Pomona voters would have the final say on the November ballot.
While legendary Sheriff Sherman Block — who still garnered more than a third of the vote on the ballot in 1998 even though he had recently died — was said to have long desired the trifecta of adding Pomona, Pasadena and Long Beach to his department's "contract cities," Fogarty insists that Block's successor, Lee Baca, isn't interested in empire.
"I don't have anything from [Baca] that we want to expand the department this way," Fogarty says. "This is simply: We get the request and we do our best at giving them an estimate and leave it in the city's hands."
Yet the sheriff's initial report, delivered several days ago, contained a dubious boast: that Baca can significantly bump the number of officers while significantly reducing costs. Baca says he can save Pomona nearly 10 percent while increasing sworn personnel by 11 percent.
Though the Sheriff's Department may not be directly campaigning to snag Pomona, the city's cops accuse the L.A. County Fire Department of meddling, using political back channels to push for the city to dump its own police force for its own selfish reasons. The county firefighters deny it — but there's some evidence against them.
Pomona dissolved its own fire department in the 1990s and county firefighters now protect the city. International Association of Fire Fighters Local 1014 President Dave Gillotte raised eyebrows when he posted a message on the union local's Web site demanding that any cuts in the county fire services budget for Pomona "must be tied proportionally" to cuts in the city's police budget.
"Why would it be any of his interest as to what type of law enforcement services are provided in Pomona?" asks officer Glenn Stires, a Pomona native and 21-year street veteran. "It really is apples and oranges."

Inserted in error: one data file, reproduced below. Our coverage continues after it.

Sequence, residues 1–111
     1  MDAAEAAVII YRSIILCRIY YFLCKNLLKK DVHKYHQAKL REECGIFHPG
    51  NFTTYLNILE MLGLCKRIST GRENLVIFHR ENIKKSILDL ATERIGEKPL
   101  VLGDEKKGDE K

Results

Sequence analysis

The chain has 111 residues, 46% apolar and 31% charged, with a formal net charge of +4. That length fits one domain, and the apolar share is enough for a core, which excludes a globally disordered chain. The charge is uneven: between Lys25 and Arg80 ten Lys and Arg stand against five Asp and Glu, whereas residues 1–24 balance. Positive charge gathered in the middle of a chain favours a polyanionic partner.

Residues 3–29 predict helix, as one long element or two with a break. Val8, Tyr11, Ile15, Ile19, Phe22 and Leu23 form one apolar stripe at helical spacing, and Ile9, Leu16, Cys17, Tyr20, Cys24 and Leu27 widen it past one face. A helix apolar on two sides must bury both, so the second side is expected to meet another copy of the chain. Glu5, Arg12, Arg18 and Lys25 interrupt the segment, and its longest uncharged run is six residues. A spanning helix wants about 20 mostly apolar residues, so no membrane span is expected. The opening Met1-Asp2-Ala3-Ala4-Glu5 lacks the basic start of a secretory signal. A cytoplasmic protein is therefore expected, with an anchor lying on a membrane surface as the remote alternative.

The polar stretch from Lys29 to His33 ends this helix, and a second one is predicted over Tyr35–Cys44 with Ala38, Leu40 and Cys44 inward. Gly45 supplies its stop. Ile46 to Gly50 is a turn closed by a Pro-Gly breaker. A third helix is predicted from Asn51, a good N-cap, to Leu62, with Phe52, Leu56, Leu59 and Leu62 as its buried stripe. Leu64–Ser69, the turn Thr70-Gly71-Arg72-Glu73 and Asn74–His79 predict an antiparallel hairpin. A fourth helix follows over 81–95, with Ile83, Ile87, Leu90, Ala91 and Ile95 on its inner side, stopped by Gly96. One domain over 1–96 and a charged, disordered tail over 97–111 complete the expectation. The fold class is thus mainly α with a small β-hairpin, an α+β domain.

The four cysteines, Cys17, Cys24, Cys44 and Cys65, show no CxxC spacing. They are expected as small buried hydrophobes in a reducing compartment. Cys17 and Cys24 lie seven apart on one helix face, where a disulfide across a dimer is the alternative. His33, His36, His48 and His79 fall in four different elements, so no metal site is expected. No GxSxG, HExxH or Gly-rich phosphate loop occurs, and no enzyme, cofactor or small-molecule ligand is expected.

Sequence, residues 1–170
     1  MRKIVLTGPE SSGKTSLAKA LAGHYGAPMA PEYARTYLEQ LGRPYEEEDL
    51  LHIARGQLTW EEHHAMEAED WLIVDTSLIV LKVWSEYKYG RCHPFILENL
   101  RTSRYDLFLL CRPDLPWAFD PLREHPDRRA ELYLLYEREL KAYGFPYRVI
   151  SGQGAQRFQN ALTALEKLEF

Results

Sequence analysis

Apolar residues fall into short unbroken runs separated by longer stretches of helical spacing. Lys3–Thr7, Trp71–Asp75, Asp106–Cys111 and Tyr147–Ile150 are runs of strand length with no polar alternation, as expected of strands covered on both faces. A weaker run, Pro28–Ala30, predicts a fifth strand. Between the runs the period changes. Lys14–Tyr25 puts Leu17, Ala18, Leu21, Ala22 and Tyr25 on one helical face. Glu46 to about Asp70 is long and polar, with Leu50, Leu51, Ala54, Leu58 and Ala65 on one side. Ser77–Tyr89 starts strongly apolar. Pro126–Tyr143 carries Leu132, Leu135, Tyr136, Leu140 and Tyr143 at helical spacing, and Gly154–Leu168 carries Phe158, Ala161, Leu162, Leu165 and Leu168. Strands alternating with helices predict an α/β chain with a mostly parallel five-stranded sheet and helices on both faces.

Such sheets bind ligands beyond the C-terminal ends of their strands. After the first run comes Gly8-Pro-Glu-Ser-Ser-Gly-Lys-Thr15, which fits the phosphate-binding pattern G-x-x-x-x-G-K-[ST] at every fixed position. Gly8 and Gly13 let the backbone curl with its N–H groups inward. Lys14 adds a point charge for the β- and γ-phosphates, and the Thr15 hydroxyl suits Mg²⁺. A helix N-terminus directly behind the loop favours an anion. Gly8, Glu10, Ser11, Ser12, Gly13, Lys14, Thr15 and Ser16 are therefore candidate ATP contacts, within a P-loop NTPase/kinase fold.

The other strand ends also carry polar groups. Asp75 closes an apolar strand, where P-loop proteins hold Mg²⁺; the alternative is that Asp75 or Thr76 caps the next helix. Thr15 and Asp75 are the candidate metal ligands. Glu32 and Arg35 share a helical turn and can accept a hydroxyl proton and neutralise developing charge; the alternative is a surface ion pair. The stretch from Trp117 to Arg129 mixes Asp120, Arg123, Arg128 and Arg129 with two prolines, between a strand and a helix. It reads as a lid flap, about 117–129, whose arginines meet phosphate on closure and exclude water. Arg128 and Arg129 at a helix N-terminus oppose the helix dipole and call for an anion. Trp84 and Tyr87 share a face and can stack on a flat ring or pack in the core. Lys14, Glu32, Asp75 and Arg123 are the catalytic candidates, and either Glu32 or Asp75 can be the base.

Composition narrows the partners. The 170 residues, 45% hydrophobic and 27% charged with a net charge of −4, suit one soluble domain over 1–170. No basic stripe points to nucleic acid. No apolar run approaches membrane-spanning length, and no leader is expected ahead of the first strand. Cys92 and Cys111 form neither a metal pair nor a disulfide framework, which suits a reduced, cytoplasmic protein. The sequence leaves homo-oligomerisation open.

Stires, speaking as a member of the police union, sees Baca's boasting about bringing to Pomona big savings and big increases in deputies on the streets as similar to a predatory mortgage broker during the housing bubble. "They know the cost is going to jump up in the following years, but they disguise it," he says. "They just want the buyer to sign."
But Stires says it's the City Council that's left officers feeling stabbed in the back.
"We clearly see the loyalties of the City Council," says Stires. "And it's not with lifelong city employees or city residents. It's not with a department whose officers have given mind, body and, in one officer's case, soul to the city. We've been betrayed."
Yet Gillotte says the firefighters' union will fight hard against efforts by police and community groups who want the city to spend less on county fire services in order to spare the city police force from additional cuts.
"If the city of Pomona wants to keep Pomona P.D. — and their [union] obviously is supporting that, to keep a small, very expensive police department — as the locally controlled police department, then that's fine. That's up to the citizens and elected officials," Gillotte says. "But we will not allow money to be taken out of the fire end of things, [to satisfy demands] that 'if only fire will give, we could keep our P.D.' "
Meanwhile, signs that the Pomona City Council is turning against its police force aren't subtle.
Last week no sitting council member was among the 180 people who gathered to honor seven retiring Pomona cops who share about 200 years of service between them. Former City Councilman George Hunter joked to the crowd that the county fire department must have had an event the same night.
Dark humor and rueful chuckles aside, perhaps the last laugh has to go to the homeboys of 12th Street, who, on some level, must marvel that the Pomona City Council is toying with the gang's pipe dream of Pomona PD vanishing from the streets.